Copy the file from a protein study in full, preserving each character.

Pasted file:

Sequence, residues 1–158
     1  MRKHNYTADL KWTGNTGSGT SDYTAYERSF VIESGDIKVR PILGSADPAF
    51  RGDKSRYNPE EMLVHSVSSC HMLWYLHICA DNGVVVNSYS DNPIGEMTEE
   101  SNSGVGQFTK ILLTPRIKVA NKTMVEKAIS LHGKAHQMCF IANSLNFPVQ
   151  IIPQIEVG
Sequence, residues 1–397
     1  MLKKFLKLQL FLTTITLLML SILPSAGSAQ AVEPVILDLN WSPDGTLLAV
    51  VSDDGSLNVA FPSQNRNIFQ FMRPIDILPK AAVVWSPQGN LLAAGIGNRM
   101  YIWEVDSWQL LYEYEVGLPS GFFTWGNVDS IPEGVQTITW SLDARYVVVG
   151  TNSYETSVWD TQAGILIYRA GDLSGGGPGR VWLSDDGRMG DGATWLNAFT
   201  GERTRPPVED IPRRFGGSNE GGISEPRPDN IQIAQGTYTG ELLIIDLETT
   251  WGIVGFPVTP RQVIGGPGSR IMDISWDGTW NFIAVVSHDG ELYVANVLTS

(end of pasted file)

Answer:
Sequence, residues 1–158
     1  MRKHNYTADL KWTGNTGSGT SDYTAYERSF VIESGDIKVR PILGSADPAF
    51  RGDKSRYNPE EMLVHSVSSC HMLWYLHICA DNGVVVNSYS DNPIGEMTEE
   101  SNSGVGQFTK ILLTPRIKVA NKTMVEKAIS LHGKAHQMCF IANSLNFPVQ
   151  IIPQIEVG
Sequence, residues 1–397
     1  MLKKFLKLQL FLTTITLLML SILPSAGSAQ AVEPVILDLN WSPDGTLLAV
    51  VSDDGSLNVA FPSQNRNIFQ FMRPIDILPK AAVVWSPQGN LLAAGIGNRM
   101  YIWEVDSWQL LYEYEVGLPS GFFTWGNVDS IPEGVQTITW SLDARYVVVG
   151  TNSYETSVWD TQAGILIYRA GDLSGGGPGR VWLSDDGRMG DGATWLNAFT
   201  GERTRPPVED IPRRFGGSNE GGISEPRPDN IQIAQGTYTG ELLIIDLETT
   251  WGIVGFPVTP RQVIGGPGSR IMDISWDGTW NFIAVVSHDG ELYVANVLTS